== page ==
Published on January 15th, 2014 | by Daniel Perlman0
California’s Felony Murder Rules
First Degree Felony Murder
The California Felony Murder rule establishes special laws for a murder committed in the commission of certain felonies. Homicide is classified as first degree murder when the murder is committed during the commission of felonies listed in the statute. Felonies included are arson, rape and other sexual crimes, carjacking, robbery, burglary, mayhem, kidnapping, or train wrecking. “Drive by” shootings common in gang activities also fall under the provisions of the felony murder rule.
California’s felony murder rule also applies to second degree murder
The felony murder rule essentially creates murder liability for individuals or their accomplices who kill another person during the commission of a dangerous felony.
California courts have defined “inherently dangerous” felonies as those which cannot be committed without creating a substantial risk that someone will be killed. There is no established list of inherently dangerous felonies. As a result, the second-degree felony-murder rule is applied on a case-by-case basis.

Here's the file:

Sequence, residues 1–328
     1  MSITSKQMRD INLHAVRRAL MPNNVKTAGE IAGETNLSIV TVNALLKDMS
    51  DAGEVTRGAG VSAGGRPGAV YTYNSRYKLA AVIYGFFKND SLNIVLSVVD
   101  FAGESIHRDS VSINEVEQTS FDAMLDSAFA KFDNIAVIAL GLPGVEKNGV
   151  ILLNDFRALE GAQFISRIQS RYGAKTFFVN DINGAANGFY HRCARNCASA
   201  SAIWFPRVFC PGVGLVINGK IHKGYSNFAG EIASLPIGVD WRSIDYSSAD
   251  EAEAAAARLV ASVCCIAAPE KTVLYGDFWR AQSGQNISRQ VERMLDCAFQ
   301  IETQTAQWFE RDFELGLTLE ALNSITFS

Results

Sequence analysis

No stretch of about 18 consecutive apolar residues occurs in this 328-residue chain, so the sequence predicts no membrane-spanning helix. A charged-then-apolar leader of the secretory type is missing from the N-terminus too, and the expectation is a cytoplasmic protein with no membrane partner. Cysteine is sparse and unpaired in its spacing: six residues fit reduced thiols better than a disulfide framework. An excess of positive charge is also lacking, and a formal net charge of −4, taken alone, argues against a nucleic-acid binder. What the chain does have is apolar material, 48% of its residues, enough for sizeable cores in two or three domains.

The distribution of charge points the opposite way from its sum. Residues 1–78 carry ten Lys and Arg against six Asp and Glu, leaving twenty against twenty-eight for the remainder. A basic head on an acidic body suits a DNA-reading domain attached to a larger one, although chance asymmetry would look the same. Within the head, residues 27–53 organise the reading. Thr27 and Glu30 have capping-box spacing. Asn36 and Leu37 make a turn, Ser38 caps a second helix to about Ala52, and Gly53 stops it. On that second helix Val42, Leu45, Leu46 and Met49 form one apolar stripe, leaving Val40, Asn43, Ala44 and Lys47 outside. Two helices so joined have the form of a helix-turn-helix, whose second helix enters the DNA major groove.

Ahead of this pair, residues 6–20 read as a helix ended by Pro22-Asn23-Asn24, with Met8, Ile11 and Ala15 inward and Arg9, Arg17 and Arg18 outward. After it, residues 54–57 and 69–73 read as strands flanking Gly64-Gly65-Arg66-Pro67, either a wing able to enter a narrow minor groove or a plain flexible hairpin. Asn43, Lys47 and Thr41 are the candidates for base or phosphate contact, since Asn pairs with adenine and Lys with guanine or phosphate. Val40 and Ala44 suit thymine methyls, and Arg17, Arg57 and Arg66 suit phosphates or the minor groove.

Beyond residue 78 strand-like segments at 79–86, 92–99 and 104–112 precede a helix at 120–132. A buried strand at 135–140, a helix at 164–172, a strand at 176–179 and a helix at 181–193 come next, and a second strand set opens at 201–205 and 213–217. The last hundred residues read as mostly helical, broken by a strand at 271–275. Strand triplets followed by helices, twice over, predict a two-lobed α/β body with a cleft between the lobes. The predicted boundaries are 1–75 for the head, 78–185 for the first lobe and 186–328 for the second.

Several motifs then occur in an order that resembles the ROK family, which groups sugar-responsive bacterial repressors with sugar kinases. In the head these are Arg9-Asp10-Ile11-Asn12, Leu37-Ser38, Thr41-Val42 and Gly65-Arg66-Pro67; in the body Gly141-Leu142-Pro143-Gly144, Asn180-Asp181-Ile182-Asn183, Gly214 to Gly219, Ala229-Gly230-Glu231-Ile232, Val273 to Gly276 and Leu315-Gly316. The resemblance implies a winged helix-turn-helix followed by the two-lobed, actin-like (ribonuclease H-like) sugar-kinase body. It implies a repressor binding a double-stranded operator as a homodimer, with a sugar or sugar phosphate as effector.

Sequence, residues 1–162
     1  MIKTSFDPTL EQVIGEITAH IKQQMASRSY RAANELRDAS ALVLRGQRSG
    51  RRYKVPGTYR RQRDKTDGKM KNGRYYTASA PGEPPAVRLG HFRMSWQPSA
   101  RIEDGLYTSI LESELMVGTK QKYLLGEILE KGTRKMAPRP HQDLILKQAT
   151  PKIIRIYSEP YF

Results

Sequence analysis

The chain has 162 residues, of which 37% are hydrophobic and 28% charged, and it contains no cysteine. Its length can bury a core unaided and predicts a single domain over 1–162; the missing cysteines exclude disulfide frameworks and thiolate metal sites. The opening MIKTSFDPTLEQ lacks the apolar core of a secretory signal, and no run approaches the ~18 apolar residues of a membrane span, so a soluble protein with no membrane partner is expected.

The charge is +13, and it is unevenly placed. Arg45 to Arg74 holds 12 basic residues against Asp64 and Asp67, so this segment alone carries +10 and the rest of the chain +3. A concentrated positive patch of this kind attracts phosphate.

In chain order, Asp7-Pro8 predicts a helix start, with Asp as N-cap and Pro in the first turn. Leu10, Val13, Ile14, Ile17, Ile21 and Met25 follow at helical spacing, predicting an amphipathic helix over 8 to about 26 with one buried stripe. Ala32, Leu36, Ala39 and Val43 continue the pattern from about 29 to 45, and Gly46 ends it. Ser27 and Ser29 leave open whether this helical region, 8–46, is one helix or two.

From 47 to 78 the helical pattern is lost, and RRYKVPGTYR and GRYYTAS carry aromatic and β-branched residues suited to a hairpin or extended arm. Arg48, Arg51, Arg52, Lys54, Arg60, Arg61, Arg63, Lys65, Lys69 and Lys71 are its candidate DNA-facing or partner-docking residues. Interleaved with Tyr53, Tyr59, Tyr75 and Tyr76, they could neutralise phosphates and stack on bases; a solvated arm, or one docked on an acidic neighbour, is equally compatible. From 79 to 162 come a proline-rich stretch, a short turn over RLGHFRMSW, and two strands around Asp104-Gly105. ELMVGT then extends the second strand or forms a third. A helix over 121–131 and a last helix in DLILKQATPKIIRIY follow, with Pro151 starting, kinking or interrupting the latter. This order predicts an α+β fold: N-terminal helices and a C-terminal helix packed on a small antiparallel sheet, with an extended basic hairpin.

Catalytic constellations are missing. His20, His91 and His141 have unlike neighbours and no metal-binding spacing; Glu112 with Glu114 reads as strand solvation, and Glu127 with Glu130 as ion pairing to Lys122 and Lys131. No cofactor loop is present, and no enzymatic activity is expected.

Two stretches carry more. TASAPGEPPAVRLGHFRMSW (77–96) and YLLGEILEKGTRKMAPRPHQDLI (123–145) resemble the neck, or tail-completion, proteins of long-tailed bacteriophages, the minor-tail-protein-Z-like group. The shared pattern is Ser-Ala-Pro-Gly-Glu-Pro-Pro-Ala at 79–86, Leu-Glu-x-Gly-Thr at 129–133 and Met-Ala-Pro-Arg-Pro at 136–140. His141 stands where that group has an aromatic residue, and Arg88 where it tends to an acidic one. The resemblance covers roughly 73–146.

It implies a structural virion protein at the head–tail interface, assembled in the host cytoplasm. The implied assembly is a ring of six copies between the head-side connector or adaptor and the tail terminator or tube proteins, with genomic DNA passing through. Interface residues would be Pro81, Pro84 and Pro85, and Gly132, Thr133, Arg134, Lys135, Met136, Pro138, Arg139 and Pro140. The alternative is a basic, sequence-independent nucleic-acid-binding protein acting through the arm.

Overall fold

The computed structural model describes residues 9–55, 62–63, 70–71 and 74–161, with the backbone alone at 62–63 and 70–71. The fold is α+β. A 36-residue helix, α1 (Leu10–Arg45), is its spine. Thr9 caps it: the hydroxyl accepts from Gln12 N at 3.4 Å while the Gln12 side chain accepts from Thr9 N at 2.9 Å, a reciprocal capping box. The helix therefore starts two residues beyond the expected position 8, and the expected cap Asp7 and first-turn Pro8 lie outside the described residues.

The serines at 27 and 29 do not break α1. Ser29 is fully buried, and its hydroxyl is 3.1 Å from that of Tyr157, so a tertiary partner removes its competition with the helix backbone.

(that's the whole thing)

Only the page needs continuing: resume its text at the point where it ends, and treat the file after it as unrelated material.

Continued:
Under normal California murder rules, you cannot be convicted of murder unless you acted with “malice aforethought” or the intent to kill, or a reckless disregard for human life.
The California felony-murder rule allows a defendant to face murder charges…and possibly a murder conviction…even if the prosecutor cannot show that he or she acted with malice, as long as he or she killed someone in connection with the intentional commission of a felony.
Any death that is logically related to the felony will suffice
Under California law; there is no requirement that you kill the victim in furtherance of the underlying felony. Any death that is logically related to the felony will suffice, regardless of whether it was intentional, accidental, or negligent. Unforeseeable deaths can subject you to murder charges, so long as there is more than a mere coincidence between the time and place of the murder and the other felony.
Legal defenses to a murder charges include self-defense and “stand your ground laws,” you are under no obligation to “retreat”. Cases of excusable and justifiable homicide in California law often result in dismissal or acquittal. Those facing charges under the felony-murder rule require the services of a highly qualified criminal defense attorney.
Daniel R. Perlman
The Law Offices of Daniel R. Perlman